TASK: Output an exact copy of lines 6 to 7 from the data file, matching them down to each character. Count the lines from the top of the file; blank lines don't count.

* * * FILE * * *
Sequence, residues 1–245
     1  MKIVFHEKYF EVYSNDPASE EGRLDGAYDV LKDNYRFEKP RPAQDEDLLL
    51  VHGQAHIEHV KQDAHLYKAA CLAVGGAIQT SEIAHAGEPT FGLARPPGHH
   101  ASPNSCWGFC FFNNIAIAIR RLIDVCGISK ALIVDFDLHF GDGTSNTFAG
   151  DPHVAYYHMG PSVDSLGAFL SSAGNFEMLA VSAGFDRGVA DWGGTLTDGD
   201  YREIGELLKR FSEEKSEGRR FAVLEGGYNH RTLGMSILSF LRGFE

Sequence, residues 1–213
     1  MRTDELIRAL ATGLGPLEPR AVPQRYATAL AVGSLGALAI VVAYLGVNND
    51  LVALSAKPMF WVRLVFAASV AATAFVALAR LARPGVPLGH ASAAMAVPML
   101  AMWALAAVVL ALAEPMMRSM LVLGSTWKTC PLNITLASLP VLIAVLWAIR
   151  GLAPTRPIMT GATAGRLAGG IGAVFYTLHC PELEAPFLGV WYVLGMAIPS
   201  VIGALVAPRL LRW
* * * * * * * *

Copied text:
   201  YREIGELLKR FSEEKSEGRR FAVLEGGYNH RTLGMSILSF LRGFE

Sequence, residues 1–213